Updated: Oct 1, 2021
You know that good-all-over feeling you get when you find a precious moment to relax in front of a fire with a book, after a hard day of work, house chores, or kid wrangling? There’s a Danish word for it—hygge. The AAC library is offering residents a chance to become more familiar with the growing trend during a presentation tomorrow, January 5, and then again in February.
Hygge is pronounced not like the beginning of the word “hygiene”, but instead as “who-guh”. Residents of Denmark coined a term for this state of being, that so many of us crave but too rarely get the chance to enjoy.
“It evokes a feeling and sense of belonging, relaxation and enjoyment,” said Tuesday night’s presenter, author Cheryl Stritzel McCarthy. “It often involves a fireside gathering, ambient lighting and possibly cake.”
McCarthy, who wrote the well-received “Many Hands Make Light Work: A Memoir” published by She Writes Press in 2019, has gained significant experience with Hygge. She wrote an article on the subject, which was picked up by multiple major newspapers, including the Baltimore Sun.
She said she has gotten very good at creating Hygge over the years by necessity. Due to her husband, Bob’s, career in the oil industry, they have moved many times in the last two decades. Creating that sense of sanctuary hygge can offer was a must-have.
“With a lot of practice I got really good at it,” she said. “I was creating it and living it long before I knew what it was. I think we all knew the concept of hygge, we just didn’t have a word for it.”
Hygge may be an old Danish term from ages ago, but the modern generation has given it new energy and built it into a trend. The word can now be used in multiple ways.
“You can live in a hygge house,” McCarthy notes. “You can have a hygge time with friends. You can create hygge.”
There are some requirements for hygge, she said. You need to have engaged in a counterbalancing activity beforehand to induce hygge. That could be a long winter hike, time outdoors, or just a hard day at work. There are many possibilities.
“If you just gathered around the fire without something (else happening)--that would not by hygge,” she explained.
“It is something that is fairly well known in the library world,” said AAC Library Director of Communications Christine Feldmann.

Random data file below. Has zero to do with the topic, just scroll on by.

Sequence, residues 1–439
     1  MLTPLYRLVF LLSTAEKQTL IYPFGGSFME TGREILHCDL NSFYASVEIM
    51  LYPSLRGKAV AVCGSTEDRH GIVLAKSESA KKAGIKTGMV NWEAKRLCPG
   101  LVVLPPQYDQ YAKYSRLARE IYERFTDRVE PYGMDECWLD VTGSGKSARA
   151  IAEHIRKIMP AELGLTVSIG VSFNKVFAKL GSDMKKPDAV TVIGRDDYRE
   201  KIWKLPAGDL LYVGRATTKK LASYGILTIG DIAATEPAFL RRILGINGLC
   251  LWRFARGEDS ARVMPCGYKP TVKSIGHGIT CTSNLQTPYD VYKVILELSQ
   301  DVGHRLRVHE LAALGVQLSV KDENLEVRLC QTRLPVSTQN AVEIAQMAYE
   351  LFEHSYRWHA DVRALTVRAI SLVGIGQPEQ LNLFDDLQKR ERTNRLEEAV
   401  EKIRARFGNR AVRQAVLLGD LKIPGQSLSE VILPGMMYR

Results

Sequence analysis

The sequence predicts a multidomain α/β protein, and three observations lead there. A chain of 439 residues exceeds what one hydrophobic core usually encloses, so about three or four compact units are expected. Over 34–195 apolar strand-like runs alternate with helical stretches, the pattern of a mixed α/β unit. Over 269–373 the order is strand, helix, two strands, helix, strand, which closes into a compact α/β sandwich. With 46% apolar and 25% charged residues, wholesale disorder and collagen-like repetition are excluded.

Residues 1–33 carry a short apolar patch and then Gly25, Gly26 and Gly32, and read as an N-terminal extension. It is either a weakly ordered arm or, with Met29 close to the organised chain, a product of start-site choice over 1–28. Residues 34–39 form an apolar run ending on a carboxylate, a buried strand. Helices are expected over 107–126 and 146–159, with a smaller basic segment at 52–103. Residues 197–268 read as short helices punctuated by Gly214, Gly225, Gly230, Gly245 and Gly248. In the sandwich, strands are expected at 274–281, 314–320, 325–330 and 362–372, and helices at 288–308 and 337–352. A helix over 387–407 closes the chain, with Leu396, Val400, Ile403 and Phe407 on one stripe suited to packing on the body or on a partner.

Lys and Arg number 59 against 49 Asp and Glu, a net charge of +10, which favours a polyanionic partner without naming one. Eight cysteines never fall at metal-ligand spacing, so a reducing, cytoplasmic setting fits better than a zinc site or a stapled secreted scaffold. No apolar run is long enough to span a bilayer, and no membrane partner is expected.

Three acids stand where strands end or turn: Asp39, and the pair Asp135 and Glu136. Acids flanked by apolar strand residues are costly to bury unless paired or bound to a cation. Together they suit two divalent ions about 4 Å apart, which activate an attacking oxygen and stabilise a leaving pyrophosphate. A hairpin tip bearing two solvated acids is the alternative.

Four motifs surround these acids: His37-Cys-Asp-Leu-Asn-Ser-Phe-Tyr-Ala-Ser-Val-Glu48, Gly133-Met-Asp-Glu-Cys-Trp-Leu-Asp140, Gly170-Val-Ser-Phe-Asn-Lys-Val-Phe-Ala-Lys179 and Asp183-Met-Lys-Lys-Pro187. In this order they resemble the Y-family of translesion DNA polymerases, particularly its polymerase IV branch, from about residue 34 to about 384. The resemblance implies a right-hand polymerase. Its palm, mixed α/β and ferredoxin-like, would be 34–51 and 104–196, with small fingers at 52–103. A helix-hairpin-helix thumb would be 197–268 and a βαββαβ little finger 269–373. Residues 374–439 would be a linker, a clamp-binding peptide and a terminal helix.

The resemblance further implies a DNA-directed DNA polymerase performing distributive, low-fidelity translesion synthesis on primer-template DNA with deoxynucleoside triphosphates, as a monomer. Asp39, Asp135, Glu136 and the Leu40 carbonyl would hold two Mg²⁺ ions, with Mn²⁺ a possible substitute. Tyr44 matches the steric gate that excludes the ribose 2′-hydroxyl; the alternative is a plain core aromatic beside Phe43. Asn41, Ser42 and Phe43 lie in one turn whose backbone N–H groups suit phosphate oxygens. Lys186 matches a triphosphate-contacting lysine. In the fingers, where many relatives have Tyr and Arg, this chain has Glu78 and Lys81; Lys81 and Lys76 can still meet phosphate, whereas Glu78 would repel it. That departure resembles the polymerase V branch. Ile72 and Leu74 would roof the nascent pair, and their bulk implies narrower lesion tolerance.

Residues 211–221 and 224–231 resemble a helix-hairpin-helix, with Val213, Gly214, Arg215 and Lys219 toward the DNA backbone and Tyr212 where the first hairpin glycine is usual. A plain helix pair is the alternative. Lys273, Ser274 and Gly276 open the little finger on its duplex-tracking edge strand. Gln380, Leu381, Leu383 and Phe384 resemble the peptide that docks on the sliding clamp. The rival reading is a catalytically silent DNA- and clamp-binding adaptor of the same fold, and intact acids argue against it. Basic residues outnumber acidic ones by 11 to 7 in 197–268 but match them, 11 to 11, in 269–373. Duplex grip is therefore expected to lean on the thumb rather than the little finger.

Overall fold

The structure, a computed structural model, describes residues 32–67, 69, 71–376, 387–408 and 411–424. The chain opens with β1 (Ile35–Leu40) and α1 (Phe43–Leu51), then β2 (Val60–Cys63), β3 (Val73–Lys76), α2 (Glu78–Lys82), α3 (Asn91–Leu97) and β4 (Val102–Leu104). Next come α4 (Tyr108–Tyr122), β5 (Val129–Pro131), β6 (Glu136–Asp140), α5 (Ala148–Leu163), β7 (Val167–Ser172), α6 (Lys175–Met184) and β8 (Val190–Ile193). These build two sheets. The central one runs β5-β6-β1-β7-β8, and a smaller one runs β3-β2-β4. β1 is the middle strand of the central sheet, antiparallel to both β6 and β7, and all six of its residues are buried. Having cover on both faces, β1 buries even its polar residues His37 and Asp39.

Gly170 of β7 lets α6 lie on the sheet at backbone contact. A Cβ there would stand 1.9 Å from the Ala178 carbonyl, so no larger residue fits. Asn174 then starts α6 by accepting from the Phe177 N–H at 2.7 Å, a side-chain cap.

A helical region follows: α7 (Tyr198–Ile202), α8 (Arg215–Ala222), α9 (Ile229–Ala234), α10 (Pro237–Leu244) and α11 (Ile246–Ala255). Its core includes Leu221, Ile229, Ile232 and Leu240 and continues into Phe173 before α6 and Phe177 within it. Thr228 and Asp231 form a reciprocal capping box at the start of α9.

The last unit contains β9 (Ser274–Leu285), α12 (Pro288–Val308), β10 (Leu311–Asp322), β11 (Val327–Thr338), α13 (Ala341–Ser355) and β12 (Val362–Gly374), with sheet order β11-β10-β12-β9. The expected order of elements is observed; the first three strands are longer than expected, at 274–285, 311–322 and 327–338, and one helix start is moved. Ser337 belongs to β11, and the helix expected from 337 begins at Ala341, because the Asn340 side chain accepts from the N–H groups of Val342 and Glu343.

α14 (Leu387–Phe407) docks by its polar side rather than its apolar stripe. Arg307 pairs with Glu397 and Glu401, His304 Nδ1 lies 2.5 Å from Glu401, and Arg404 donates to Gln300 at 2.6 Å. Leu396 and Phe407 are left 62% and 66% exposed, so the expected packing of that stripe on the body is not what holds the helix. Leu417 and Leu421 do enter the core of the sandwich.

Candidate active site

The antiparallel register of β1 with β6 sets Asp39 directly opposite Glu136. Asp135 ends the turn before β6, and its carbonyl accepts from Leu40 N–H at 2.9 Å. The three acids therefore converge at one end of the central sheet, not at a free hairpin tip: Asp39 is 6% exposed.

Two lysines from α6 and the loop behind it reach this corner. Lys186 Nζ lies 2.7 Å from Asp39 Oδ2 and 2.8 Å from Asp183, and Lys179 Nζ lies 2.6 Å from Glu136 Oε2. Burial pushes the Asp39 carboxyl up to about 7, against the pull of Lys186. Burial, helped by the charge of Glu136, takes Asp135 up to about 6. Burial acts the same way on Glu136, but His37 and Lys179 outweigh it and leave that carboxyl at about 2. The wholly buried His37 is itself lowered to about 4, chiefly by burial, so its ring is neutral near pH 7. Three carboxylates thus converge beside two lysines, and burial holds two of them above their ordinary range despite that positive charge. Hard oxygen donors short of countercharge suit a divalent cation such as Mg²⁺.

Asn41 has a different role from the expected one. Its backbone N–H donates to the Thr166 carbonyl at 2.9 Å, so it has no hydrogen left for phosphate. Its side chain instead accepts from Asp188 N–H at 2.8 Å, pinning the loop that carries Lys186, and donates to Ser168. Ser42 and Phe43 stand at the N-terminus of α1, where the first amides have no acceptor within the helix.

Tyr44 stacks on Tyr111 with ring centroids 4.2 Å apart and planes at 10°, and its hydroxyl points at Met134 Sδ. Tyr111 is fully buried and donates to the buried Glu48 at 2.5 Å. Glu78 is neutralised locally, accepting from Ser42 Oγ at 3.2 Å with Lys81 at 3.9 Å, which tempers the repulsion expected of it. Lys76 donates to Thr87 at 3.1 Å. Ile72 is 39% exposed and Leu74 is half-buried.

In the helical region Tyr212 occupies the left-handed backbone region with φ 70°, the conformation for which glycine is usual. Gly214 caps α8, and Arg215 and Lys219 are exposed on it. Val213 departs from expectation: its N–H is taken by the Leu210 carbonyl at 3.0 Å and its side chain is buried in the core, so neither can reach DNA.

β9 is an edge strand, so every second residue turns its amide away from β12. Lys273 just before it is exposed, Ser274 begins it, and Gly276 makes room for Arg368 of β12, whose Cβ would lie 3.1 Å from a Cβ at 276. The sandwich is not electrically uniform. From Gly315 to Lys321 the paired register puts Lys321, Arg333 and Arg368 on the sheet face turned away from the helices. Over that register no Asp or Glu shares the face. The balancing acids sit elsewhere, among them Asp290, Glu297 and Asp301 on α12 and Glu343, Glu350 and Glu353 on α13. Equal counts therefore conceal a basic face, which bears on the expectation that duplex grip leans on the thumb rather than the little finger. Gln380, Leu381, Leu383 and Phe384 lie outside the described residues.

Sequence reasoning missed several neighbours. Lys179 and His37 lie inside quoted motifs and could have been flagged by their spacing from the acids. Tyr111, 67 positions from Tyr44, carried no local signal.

But Feldmann said this is the first time the library will have a presentation on the concept. The 25 Zoom slots are already booked for Tuesday, but a wait list may be available.
Not to worry though. On February 17, the Anne Arundel County Public Library will be presenting the teleconference “The Hygge Happy Hour with Meik Wiking.” Wiking runs the Happiness Research Center, and his books—which include “The Little Book of Hygge—The Danish Way to Live Well”--have sold over a million copies.
Registration for that event begins online at the Anne Arundel County Public Library website February 3.
Tuesday, January 5th’s talk is expected to present those attending with tips and insight on hygge. McCarthy said it will be relaxing and enjoyable.
“They’ll learn a lot of interesting things that they did not expect—practical and easy tips for improving their experience of winter,” she said.
The author said the pandemic has not created an impediment to the hygge experience. Being confined at home may actually accentuate the experience and break down borders.
Distance is no longer an impediment, McCarthy said. You can have a far-flung game night with friends. The contrast needed to create the circumstances for hygge might simply be participants’ completion of a day of work,
“There’s just no reason not to (enjoy hygge) anymore,” she said. “We need it now more than ever.”
During her interview she said she had learned through a reader review that her memoir had helped create hygge for them. The reviewer wrote reading the memoir was like:
“Drinking a mug of hot chocolate while cuddled up in a blanket next to a fire on a cold day.”
As the Danes, and now the rest of the world are breathing new life into the old word “hygge”, only more time will tell how the concept might evolve. In a world saturated with the impact and messaging of the coronavirus pandemic, a strong prescription of hygge may be a welcome antidote for many.
It is up to the individual to explore what their personal hygge experience might be.
“Joy and acceptance—that’s hygge and that’s my favorite part,” McCarthy said. “(It) depends on the people who create it.”
The author said she is available to give presentations for groups small and large without a booking fee.